The sound—whether Dolby Digital or DTS—is gorgeous as well, and in some important ways better than what I heard in the theater. It's less edgy, and while the deep bass is limited to a few explosive scenes and to Danny Elfman's percussion-heavy, Oscar-worthy score, the surrounds are highly active.
The extras on this two-disc set are extensive. I'm not sure where they came up with the "13 hours" of extras claimed on the cover, but if you take that with a grain of salt, you won't be left wanting more by the time you get through all of it. One particularly original feature on disc 1 is the Enhanced Viewing Mode, in which informative bits pop up during the film—either in the corner of the image or as short interruptions. Needless to say, you'll want to watch the movie in normal mode first. But Enhanced Viewing—much like New Line Home Video's Infinifilm feature, first used on Thirteen Days—is a welcome addition to the DVD playbook.
Disc 1 also includes two commentary tracks (see below), DVD-ROM features, NUON-enhanced features (I was unable to check either of the latter two), and, according to the studio, two hidden Easter Eggs. For the uninitiated: Inspired by the video-game mania, Easter Eggs are hidden, unpublicized features that require strange combinations of mouse-clicking to find. I guess I'm too hard-boiled for the endless searching they usually require, but if you're game, click away to your heart's content.
Disc 2 includes a very clever "3-dimensional" menu, five extended scenes in very rough form (they look terrible compared to the pristine photography in the film itself), a "Rule the Planet Remix" music video, a multi-angle feature gallery, concept art, the usual theatrical trailers and teasers, an HBO special on the film, and several documentaries shot during the making of the movie. Some of the latter run too long, their subjects better covered in the HBO piece, but I particularly enjoyed the Danny Elfman–hosted documentary on scoring the film. Even better is Elfman's commentary track on disc 1 (there's also one by Tim Burton). A commentary track by the composer is a rare treat. Elfman makes his points during lulls in the music, then lets important cues play uninterrupted. Thus this is virtually an isolated music track (the dialogue is muted) with fascinating and non-intrusive comments from the composer. And his score is outstanding—one of the best of the year.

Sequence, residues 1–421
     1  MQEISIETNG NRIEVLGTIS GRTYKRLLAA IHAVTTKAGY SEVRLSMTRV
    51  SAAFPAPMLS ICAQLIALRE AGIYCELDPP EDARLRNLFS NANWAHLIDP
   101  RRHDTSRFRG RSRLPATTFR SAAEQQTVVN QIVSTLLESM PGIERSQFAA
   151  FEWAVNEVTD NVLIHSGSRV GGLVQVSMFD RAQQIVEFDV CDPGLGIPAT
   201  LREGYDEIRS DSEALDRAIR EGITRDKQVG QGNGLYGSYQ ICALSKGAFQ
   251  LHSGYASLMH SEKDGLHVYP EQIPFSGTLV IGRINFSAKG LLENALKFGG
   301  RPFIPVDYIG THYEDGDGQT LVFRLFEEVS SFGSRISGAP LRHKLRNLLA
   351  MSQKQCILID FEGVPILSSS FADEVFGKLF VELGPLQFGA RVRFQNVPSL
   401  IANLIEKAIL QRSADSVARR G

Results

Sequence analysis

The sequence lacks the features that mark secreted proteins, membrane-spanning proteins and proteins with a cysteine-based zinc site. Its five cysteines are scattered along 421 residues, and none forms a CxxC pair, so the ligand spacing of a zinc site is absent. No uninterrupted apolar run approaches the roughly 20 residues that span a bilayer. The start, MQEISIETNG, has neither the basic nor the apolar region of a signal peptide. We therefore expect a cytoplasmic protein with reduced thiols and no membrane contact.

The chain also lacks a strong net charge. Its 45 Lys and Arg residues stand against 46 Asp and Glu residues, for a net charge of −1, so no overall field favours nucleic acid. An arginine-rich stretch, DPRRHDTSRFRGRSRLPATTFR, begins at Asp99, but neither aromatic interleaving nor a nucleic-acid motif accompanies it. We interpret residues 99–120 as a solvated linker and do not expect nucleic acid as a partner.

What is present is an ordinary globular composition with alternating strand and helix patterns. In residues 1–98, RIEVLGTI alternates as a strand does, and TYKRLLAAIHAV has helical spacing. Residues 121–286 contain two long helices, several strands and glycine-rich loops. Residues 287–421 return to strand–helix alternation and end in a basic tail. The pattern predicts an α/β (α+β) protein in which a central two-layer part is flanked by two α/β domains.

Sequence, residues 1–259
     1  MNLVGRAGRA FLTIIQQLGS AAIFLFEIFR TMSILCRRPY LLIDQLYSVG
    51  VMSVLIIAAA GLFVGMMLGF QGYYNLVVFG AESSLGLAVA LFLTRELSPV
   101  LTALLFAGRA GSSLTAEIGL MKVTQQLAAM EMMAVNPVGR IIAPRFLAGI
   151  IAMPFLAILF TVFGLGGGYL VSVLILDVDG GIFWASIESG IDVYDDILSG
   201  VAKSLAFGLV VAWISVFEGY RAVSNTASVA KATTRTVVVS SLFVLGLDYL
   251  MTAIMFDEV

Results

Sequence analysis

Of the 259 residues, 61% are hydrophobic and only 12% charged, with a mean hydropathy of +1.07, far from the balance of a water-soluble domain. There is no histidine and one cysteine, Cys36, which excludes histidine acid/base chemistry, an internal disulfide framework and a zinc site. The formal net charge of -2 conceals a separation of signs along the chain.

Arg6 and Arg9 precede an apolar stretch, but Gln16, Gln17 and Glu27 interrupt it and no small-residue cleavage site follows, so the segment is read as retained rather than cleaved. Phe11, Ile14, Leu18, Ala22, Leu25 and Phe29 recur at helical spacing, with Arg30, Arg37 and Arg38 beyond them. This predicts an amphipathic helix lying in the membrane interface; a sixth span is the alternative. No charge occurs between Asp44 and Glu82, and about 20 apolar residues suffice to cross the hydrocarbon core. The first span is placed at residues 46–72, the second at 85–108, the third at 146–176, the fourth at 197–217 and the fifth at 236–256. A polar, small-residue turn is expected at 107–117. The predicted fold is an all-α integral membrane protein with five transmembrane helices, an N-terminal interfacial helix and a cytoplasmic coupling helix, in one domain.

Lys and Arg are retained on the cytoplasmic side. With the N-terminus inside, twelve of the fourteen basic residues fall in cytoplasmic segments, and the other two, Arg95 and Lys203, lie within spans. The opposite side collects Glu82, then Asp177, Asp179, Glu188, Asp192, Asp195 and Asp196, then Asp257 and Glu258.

All in all, there's plenty here for everyone. The movie may not exactly be a candidate for Best Picture—though if it isn't nominated for Oscars for Music, Photography, Makeup, Sound, and Best Supporting Actor (Tim Roth), there's no justice. But the DVD is so good that it might well have vied for one of our DVD of the Year Editors' Choice awards (SGHT, January 2002), had Fox been able to provide us with an advance pressing. No matter. If you have any interest at all in Planet of the Apes, you'll want to add this Special Edition to your collection.